The Scotts Miracle-Gro Company (NYSE:SMG) launched its Hawthorne hydroponics and indoor gardening line specifically to profit from legalized cannabis in California, Colorado, and potentially other states. Fast-growing category sales rewarded it, and analysts naturally focus on the hot topic of marijuana growing when talking about Hawthorne. But Scotts is now positioned to cash in on another sector that could ratchet profits even higher: the growing trend of urban gardening and food production, predicted to expand massively and already catching on in the European market.
Hawthorne sprouts green, growing midwinter profits
Companies specializing in lawn care and home agriculture products, like Scotts Miracle-Gro, usually experience low winter sales volume. This year, however, things look different for Scott. Despite a predictable seasonal dip in its performance, indoor gardening sales for the Hawthorne brand are growing with the speed of kudzu, even with snow, ice, and chilly temperatures still reigning over much of America.
Scotts launched its subsidiary Hawthorne Gardening Company in 2014 specifically to sell supplies to cannabis growers. By mid 2016, Scotts had the brand fully up and running, with over a quarter-billion dollars invested in it and several hundred million more slated to expand it. Perhaps its most significant add-on to Hawthorne to date, though, came with the $450 million 2018 acquisition of hydroponics giant Sunlight Supply.
Energized by the new products and large distribution network the purchase gave it, Hawthorne blossomed in 2019. Its sales reached $671 million during fiscal year 2019, which ended on Sept. 30, exploding 95% year over year. Scotts breaks down the source of net sales in its annual report, showing the growth in Hawthorne's contribution to company revenues:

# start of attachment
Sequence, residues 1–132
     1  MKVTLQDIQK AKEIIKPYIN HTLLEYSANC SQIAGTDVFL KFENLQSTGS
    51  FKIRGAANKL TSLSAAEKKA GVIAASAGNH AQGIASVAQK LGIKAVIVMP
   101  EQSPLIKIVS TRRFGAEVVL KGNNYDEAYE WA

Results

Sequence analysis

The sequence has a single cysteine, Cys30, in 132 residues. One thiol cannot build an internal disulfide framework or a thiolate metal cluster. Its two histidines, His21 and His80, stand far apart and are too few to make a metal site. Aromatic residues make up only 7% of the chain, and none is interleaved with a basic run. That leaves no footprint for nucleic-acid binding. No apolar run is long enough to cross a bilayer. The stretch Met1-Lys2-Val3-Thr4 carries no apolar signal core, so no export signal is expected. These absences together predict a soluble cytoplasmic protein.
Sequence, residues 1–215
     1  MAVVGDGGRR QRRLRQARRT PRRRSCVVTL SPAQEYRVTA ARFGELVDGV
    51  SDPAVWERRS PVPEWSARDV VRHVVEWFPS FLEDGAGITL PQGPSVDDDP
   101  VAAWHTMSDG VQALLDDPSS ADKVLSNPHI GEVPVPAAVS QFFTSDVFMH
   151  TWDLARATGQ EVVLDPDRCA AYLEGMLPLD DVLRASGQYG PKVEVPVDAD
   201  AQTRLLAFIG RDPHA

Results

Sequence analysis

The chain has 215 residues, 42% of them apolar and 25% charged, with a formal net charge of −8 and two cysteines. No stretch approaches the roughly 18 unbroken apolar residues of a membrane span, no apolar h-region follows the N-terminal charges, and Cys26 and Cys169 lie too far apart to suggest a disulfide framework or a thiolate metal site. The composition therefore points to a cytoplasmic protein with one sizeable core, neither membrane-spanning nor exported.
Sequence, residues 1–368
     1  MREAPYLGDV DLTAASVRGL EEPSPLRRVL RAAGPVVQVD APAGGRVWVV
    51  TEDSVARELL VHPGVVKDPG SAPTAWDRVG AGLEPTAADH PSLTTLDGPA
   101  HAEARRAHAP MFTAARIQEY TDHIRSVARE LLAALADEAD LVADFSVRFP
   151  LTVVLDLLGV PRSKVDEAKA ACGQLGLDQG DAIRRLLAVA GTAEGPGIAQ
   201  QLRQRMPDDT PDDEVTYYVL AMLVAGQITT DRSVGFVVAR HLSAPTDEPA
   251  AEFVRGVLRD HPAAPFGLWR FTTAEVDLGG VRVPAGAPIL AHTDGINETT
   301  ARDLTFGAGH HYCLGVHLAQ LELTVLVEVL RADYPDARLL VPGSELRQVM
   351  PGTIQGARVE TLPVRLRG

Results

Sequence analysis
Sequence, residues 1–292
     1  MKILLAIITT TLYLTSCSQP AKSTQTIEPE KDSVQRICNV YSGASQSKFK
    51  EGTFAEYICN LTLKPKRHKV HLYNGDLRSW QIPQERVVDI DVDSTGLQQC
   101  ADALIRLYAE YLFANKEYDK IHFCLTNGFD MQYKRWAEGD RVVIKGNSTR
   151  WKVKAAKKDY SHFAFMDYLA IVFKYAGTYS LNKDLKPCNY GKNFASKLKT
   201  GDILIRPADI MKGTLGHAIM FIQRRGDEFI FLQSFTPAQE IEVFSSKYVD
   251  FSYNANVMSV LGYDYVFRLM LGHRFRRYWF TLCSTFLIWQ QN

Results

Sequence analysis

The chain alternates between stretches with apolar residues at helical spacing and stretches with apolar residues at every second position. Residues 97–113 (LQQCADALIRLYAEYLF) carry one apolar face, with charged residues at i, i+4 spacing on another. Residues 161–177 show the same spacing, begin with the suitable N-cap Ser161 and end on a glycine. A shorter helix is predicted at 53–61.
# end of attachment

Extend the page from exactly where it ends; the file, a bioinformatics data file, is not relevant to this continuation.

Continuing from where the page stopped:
|Year||Hawthorne Sales as % of Net Sales||Hawthorne Sales||Consolidated Net Sales|
|2017||10.8%||$287.2 million||$2,642.1 million|
|2018||12.9%||$344.9 million||$2,663.4 million|
|2019||21.2%||$671.2 million||$3,156.0 million|
Rising from one-tenth to more than one-fifth of company sales in just two years, Hawthorne hasn't yet overtaken the company's biggest segment, U.S. Consumer, but it's clearly emerging as a major contributor to the company's success.
Significantly, Hawthorne's gains greatly reduced the seasonal loss Scotts usually posts in its first fiscal quarter (which runs from Oct. 1 to Dec. 31). Winter is generally a time of low sales for the company because of scanty demand for lawn and garden supplies or equipment. In Q1 2020 (winter 2019) the company's net loss amounted to $1.28 per share, a 14.1% improvement year over year relative to Q1 2019's per-share $1.49 net loss.
Hawthorne generated $198.8 million in sales during Q1 2020, a segment sales expansion of 41% year over year. This, in turn, helped to drive quarterly whole-company sales increases of 23%. Indoor gardening and hydroponics are far less dependent on the weather outdoors, helping make this segment a year-round winner. During Scotts' Q1 earnings call on Jan. 29, CEO James Hagedorn cited growth of nearly 60% in both California and Colorado, the two main states for cannabis growing. However, sales also rose vigorously in Alabama, Illinois, Florida, New Jersey, and Michigan.
Beyond marijuana: the potential of city gardening